Limiting screen time for your children
By: Dr. Rulia Akhtar
The use of technology has simplified our lives. We have technology that saves us precious energy and time, relaxes us, notifies us, and even acts as a partner. These devices, such as smartphones and tablets, have been a blessing to humans. On the other hand, these devices are also a threat to our existence. These devices damage our physical and mental health in addition to making us sluggish and ineffective. Consider a smartphone as an illustration. People devote themselves to their mobile devices, browsing via Facebook and Twitter, and consuming valuable time by doing absolutely nothing effective everywhere we look.
Almost a billion individuals around the globe have more than one of these phones, as they use it to download programmes, applications, information, video games, check e-mail, browse websites, listen to songs, watch films, and access other important and unimportant details. These cutting-edge technologies are developing daily. New user-facing programmes are created every day. Young people’s use of smartphones has been characterised as an enticing technology. Young people in contemporary society are heavily dependent on their mobile devices. Youth would forego sporting footwear, flossing their gums, working out, and taking showers in favour of going lacking their smartphones for the same amount of time, according to a recent survey. Scholars concurred that smartphone dependency affects all parties and is particularly hazardous for young adults who are pursuing academic goals in higher education and training for competitors.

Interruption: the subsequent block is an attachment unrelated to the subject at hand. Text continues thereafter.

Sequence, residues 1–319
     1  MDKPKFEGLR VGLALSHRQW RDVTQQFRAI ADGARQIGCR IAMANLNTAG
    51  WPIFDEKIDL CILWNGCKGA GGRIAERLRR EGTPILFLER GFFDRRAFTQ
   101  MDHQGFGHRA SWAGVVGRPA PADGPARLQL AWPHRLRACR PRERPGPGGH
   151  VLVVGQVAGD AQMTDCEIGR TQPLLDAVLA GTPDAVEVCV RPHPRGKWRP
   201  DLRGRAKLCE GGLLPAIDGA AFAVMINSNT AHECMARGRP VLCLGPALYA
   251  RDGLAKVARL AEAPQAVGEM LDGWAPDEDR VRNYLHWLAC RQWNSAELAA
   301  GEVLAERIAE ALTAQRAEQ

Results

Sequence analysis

Smartphone use is widespread, particularly among adolescents and teenagers. Young adults use of smartphones has risen substantially over the past ten years. Although its advantages are indisputable, its adverse impacts are also becoming more apparent. The estimated total number of smartphone users in Malaysia in 2021 is 29 million. Up until 2025, there will be an additional 1.74 million smartphone users in Malaysia due to the country’s expanding population. In Malaysia, nearly everyone has a smartphone.
Smartphones have particularly affected children, and if action isn’t taken quickly, these sophisticated devices will utterly destroy their lives. Smartphone use among children can have advantages as well as drawbacks, making it a complicated topic. Although mobile devices have a lot of advantages in terms of interaction, educational opportunities, and information availability, they can also be harmful if not used wisely and sparingly.
The following are some typical worries expressed in relation to smartphones and kids. First off, kids who use smartphones excessively may engage in less vigorous exercise, have irregular sleeping patterns, and have fewer social interactions. Their general wellbeing as well as the growth of vital social abilities like empathy, communication, and conflict resolution may suffer as a result.